"Early" extubation in LT indicates immediate tracheal extubation in the operating room (OR) or intensive care unit (ICU) within 1 h posttransplant [4]. If a patient who undergoes early posttransplant extubation is transferred directly to a surgical ward without an ICU stay, the expression "fast tracking" may be used in place of early extubation. Early extubation is an essential component of fast tracking, and the patient undergoes major recovery in the post-anesthesia care unit [5,6]. Fast tracking was actively adopted in cardiac surgery during the 1980s [7], and Mandell et al. [8] first used this method with LT patients in 1997. In 2005, the incidence of early tracheal extubation had reached 60-80% of LT patients in Europe [6,9].
However, determination of the appropriate tracheal extubation timing and conditions remains important in securing safe and reasonable patient recovery after LT. For these reasons, many clinical studies have been conducted in attempts to find predictors for early tracheal extubation. No definitive or universal criteria have yet been established regarding predictors for early tracheal extubation in LT patients.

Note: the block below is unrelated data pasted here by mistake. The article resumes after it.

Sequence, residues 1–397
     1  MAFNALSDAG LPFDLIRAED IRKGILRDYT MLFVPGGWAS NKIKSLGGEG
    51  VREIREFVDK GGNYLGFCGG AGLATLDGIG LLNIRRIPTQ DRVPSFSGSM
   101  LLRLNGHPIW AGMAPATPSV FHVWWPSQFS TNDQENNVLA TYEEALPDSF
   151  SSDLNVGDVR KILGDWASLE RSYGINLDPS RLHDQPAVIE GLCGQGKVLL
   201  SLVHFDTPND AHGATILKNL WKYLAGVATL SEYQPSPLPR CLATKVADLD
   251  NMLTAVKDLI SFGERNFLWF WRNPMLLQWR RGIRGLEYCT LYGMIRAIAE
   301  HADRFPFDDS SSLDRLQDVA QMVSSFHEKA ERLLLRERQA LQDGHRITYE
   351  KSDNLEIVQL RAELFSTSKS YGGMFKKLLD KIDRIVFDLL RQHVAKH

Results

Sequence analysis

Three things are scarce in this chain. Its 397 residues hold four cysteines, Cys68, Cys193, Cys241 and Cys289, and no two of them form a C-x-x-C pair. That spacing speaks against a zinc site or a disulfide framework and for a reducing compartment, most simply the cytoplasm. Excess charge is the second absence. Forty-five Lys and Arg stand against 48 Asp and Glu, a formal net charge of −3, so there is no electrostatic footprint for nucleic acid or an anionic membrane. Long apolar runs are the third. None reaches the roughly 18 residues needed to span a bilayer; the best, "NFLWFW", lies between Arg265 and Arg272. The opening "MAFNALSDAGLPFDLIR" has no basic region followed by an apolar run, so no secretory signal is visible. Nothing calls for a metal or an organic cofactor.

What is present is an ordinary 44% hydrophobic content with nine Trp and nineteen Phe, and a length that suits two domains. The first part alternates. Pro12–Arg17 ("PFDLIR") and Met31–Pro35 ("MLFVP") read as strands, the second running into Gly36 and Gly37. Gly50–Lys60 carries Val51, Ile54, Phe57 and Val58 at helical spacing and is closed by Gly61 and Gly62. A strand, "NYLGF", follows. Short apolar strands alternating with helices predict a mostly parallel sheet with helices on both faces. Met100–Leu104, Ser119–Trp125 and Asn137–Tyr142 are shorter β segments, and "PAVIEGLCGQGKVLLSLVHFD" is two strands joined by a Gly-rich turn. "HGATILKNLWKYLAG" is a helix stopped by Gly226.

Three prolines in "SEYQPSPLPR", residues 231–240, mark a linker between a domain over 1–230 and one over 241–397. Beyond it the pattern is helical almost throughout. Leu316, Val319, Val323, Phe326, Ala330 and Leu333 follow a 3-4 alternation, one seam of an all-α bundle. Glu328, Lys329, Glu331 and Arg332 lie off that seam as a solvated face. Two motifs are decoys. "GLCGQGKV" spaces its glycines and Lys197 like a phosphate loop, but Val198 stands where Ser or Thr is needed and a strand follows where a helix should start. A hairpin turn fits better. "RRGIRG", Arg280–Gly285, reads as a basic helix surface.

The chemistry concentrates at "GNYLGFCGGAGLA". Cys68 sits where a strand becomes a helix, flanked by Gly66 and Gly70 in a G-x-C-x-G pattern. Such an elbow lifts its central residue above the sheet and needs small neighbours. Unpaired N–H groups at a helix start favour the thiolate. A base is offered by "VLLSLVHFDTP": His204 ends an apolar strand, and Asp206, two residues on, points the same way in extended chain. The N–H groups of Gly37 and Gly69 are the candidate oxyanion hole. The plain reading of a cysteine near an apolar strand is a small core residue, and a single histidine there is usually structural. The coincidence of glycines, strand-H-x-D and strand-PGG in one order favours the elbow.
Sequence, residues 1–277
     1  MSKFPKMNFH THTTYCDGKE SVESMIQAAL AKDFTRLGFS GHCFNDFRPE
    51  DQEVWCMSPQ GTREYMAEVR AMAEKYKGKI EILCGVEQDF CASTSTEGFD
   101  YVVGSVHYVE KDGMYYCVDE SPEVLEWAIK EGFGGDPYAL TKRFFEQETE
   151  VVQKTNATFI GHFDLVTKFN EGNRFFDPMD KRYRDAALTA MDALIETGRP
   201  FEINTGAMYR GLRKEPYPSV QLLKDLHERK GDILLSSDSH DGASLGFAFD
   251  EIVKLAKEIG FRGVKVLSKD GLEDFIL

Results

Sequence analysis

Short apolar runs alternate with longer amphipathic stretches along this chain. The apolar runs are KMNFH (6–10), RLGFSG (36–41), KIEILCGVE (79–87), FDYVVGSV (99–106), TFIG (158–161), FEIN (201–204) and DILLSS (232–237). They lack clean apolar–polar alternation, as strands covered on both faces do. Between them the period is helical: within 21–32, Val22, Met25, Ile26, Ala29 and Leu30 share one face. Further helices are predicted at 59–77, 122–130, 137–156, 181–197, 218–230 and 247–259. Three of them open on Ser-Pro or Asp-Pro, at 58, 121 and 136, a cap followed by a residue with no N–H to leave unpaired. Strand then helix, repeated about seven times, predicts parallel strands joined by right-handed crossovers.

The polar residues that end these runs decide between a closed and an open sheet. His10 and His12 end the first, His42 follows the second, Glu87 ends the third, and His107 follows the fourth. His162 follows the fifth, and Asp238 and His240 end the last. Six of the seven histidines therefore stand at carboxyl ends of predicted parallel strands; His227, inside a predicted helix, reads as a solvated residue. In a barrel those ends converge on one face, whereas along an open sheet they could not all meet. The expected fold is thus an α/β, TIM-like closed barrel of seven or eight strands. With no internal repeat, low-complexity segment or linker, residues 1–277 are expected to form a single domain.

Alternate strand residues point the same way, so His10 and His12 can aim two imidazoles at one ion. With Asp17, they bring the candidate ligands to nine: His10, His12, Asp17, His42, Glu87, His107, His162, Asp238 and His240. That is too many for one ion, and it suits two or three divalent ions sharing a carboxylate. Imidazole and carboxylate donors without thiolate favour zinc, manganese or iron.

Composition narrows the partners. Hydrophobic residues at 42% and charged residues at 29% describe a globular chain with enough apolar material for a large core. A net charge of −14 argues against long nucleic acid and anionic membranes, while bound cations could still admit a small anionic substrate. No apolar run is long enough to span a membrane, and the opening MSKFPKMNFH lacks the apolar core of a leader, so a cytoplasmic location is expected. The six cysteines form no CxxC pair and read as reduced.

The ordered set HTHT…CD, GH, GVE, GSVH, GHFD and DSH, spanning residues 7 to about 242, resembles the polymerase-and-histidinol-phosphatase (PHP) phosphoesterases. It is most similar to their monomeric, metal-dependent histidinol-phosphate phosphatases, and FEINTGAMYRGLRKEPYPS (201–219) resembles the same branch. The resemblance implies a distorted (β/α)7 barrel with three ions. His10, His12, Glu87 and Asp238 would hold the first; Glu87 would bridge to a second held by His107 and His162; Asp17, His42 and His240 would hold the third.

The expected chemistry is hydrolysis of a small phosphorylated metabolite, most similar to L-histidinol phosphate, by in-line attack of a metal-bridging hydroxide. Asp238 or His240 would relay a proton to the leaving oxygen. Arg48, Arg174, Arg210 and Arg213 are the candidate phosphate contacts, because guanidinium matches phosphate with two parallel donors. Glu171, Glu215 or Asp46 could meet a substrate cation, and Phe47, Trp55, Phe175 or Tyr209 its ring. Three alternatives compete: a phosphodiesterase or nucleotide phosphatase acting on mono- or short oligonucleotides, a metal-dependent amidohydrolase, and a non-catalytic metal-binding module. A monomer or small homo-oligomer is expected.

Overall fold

In many Asian countries, living-donor liver transplantation (LDLT) is preferred over deceased-donor LT because of the shortages of deceased-donor donations [10]. LDLT has many different features in terms of surgical complexity and graft-related factors. Thus, the evaluation of conditions for early tracheal extubation in LDLT may differ considerably from that in deceased-donor LT.
The aim of the present study was to identify factors for predicting early tracheal extubation in LDLT. Furthermore, we sought to assess the beneficial effects of early tracheal extubation in LDLT on posttransplant outcomes.

Materials and Methods

In total, 111 adult patients (of age ≥ 18 years) who underwent LDLT from January 2011 to December 2012 at our hospital were included in this retrospective study. Retransplantation cases were excluded. The Institutional Review Board of our hospital approved the study protocol and patient data collection. The electronic medical recording system and patient charts were used for data collection.
LDLT was performed with the right hepatic lobes of donors using a piggyback technique without veno-venous bypass. In each case, portal vein anastomosis was followed by hepatic artery anastomosis and bile duct reconstruction. A portocaval shunt was used in patients who had minimal collateral circulation, as evaluated from preoperative computed tomography, and a difference between the portal venous pressure and central venous pressure of more than 5 mmHg after clamping the portal vein. All donor liver grafts were prepared with histidine-tryptophan-ketoglutarate solution.